Archive for the ‘sparrows’ Category

Scrub jay and Steller’s jay

The Great Backyard Bird Count has been fun. Birds have so much character. The Steller’s jays sweep in when I toss out peanuts. I hear them calling from the trees, alerting their friends and relatives. They swoop in to grab a peanut or two, then swoop away to a tree to eat, then back again. Most days they start coming in before I even leave the feeder area. However, my camera apparently freaks them out, because they wouldn’t come near when I was trying to take their picture. (The above was taken through the window.)

Red-breasted nuthatch

The chickadees and nuthatches flit in to the seed feeder, grab a sunflower seed, and retreat somewhere to eat it. But the house finches, house sparrows, and pine siskins sit at the feeder, gobbling down seed after seed. The towhees, juncos, and other sparrows hop about on the ground, eating what I’ve thrown down there and what the other birds knock out of the feeders. The juncos are the most active, darting from ground to tree to bush and chasing each other around from time to time.

White-crowned sparrow

The woodpeckers go for the suet, although the little downy woodpeckers will also eat from the seed feeder. And this year three yellow-rumped warblers (Yes, they do have yellow rumps!) visited the suet. I’ve never seen them at the feeder before, so that was an exciting surprise.

Yellow-rumped warbler coming in for a landing

God must have had fun making birds, because they are such delightful critters. They make me wish I could fly.

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Spotted towhee

Last week was the Great Backyard Bird Count. It came in the middle of a winter storm–freezing rain, snow, sleet, all of the usual fun stuff that we in Oregon generally get once a year. More snow that usual, but not as much as December, 2008. So I was putting out lots of bird seed and suet, as well as thawing the hummingbird feeder from time to time. My cat watched with me from the living room window, although I suspect her thoughts toward those birds were quite different from mine.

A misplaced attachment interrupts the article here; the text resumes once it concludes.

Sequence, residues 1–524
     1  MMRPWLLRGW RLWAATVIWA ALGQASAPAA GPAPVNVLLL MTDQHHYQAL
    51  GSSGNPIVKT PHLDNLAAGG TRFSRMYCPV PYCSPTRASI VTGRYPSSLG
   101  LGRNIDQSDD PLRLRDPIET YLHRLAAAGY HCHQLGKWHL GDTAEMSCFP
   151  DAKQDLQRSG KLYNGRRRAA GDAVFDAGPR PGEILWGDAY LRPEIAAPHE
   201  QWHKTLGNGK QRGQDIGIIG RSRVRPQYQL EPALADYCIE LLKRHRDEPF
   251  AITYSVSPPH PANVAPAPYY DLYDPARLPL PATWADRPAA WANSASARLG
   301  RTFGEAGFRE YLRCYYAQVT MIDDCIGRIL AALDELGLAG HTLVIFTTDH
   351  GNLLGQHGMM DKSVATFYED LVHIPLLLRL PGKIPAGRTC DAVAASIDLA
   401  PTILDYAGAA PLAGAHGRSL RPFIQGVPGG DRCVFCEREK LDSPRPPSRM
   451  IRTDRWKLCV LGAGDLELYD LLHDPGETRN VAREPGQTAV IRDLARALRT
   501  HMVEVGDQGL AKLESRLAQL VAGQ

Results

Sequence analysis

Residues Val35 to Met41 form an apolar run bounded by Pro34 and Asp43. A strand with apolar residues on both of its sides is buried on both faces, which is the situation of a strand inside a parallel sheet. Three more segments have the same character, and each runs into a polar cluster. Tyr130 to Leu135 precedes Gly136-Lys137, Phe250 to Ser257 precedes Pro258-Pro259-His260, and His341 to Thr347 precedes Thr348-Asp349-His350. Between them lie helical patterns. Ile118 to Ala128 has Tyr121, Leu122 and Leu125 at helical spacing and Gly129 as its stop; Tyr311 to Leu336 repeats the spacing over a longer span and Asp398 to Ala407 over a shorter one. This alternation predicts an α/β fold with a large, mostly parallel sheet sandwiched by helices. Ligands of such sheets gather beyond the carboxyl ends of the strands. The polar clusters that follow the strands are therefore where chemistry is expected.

Juncos, towhees, sparrows, and a starling or two

I wrote a few thoughts as I watched those birds, ranging in size from an Anna’s hummingbird and a flock of bushtits to three northern flickers and one immature Cooper’s hawk.

Sing Your Song
As the snow swirls in the wind outside, I watch the amazing birds and am in awe of God’s creativity. Think of the great variety of birds, plants that range from a tiny white clover to the majesty of the redwoods, landscapes from towering mountains to waves crashing on the beach and quiet forests hung with moss. Everywhere we look, we can see signs of God’s power–and His love.

God created you with even more care and attention to detail than the most gorgeous flower. And He loves you with a love that will never end. He has given you unique talents and attributes. You are special to God, and you have a special part to play in this world. Sometimes the plainest little birds sing the most beautiful songs. You may think yourself small and insignificant, but you are not. Find the song God made you to sing, and sing it with all your heart!

Northern flicker

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Male junco under the feeder

Male junco under the feeder

Autumn is officially here and winter on the way. I can tell because the juncos have returned. I saw them on our morning walk, white outer tail feathers flashing as they flew up from the ground to hide in the bushes and lower tree branches. They used to be called Oregon juncos, but now they are stuck with the duller-sounding name of dark-eyed juncos. More accurate, I suppose, as their range is much wider than just Oregon. Still, being a lifelong Oregonian, I preferred the earlier name.

Female junco eating seeds under the feeder

Female junco eating seeds